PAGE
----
I was re-reviewing a somewhat upvoted answer of mine where I attempt to explain the differences between pure, impure, deterministic, non-deterministic, and idempotent functions.

In my answer I use .NET's or Java's List<T>.Add( T ) as an example of an impure deterministic function.

I also use Random.Next() as an example of an impure nondeterministic function.

I now think both examples are wrong.

Part of my uncertainty comes from how the this parameter is syntactically hidden in most languages with classes and instance-methods. But at the same time, whether or not this is hidden doesn't affect a function's behaviour: it's trivial to show that a static method or free function taking an explicit const me parameter is identical to an instance method with a hidden const this parameter.

...but when this is mutable, I'm unsure. Actually, in the general case of a free-function that accepts a reference to a mutable structure: are those mutations considered (impure) side-effects even if they aren't "hidden"?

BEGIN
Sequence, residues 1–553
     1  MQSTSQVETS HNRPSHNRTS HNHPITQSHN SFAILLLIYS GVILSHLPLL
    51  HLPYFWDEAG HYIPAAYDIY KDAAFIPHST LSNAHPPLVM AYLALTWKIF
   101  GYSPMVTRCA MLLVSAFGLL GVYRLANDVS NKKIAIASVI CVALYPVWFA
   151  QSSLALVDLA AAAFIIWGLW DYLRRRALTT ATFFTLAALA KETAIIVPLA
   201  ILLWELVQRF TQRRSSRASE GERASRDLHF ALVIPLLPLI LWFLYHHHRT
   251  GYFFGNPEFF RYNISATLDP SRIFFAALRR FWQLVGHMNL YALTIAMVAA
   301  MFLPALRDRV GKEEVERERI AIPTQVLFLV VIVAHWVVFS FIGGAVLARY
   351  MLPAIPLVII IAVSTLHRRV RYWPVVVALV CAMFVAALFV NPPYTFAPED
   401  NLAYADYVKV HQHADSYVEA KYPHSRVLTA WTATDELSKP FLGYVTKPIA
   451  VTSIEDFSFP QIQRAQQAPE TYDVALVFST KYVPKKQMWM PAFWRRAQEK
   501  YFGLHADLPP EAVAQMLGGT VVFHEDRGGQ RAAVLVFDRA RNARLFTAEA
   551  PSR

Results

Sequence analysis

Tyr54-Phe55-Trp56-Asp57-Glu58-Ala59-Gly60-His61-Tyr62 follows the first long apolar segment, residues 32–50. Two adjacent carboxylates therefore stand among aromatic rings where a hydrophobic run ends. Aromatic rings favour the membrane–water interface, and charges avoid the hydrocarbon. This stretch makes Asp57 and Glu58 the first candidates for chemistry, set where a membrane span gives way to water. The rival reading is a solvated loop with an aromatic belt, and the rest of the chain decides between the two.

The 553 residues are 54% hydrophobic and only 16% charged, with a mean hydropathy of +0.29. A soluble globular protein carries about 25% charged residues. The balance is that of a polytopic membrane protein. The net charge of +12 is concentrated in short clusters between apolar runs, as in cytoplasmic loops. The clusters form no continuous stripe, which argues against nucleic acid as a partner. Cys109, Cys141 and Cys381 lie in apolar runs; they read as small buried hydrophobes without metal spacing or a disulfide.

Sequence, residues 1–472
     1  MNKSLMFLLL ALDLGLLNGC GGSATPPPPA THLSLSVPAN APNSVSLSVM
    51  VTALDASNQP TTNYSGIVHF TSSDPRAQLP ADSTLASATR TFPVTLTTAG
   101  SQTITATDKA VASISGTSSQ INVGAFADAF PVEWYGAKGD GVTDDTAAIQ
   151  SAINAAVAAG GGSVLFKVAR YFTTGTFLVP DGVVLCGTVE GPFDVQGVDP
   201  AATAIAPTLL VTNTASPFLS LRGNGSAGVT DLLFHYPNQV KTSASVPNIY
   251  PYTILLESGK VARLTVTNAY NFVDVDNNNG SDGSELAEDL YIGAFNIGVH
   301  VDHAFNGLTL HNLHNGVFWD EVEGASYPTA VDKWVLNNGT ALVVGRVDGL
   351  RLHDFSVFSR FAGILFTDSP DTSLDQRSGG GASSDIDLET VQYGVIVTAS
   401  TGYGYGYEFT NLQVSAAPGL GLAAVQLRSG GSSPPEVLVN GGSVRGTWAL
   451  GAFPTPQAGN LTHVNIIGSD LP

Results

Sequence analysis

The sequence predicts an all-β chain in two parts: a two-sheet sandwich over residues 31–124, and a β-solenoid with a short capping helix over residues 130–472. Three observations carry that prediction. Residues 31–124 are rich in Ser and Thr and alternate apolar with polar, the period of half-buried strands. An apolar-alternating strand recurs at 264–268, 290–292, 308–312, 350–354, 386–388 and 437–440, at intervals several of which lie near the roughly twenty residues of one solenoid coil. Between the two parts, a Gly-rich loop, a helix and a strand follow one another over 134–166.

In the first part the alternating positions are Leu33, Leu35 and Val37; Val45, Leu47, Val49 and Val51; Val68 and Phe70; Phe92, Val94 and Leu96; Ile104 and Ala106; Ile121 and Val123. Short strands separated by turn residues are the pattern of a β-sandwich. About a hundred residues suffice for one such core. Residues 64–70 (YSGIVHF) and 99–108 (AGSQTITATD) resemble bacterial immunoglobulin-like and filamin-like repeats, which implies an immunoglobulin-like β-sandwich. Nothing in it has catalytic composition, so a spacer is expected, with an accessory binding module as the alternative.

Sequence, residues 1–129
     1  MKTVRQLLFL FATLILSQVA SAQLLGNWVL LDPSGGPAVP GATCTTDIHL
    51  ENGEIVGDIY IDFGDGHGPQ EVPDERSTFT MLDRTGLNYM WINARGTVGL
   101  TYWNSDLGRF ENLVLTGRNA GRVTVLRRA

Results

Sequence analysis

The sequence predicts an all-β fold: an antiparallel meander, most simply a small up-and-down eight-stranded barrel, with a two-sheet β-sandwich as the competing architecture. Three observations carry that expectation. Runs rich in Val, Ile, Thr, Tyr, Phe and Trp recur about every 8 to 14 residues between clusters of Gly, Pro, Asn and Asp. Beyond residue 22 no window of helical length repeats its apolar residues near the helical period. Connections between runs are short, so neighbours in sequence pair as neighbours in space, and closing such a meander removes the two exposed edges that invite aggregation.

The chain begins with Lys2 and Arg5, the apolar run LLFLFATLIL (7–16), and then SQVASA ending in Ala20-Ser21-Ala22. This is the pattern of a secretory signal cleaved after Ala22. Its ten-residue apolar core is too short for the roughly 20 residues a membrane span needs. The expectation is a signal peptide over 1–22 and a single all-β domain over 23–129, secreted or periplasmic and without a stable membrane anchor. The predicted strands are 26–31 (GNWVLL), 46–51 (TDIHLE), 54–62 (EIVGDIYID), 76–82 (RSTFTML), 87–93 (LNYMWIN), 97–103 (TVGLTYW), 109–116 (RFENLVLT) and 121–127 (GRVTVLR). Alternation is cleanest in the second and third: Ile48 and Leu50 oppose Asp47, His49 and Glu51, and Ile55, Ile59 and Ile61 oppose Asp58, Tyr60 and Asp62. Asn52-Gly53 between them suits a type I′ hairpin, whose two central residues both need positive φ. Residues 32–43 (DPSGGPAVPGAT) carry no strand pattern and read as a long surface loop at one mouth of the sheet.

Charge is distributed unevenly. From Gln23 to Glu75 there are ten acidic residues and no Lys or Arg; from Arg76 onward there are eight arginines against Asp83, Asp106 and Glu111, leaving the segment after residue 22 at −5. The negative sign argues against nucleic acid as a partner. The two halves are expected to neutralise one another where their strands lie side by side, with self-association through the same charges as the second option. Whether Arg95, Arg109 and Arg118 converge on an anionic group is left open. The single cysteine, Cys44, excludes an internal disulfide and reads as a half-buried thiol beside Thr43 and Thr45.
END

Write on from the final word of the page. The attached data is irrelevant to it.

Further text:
So, is List<T>.Add( T ) impure and deterministic? Or pure and non-deterministic?

Assuming that List<T>.Add( T item ) and its static equivalent static void Add( List<T> me, T item ) are considered identical, then it follows that destructing me to separate parameters shouldn't make a difference either, so therefore the following 3 methods are identical, no?

  • void Add( T item )
  • static void Add( List<T>* me, T item )
  • static void Add( T[]** array, size_t* index, T item )
    • array is T[]** rather than T[]* to allow for reallocating when resizing.

I also have contradictory arguments going-on in my head:

  • "It's impure" because Add mutates state.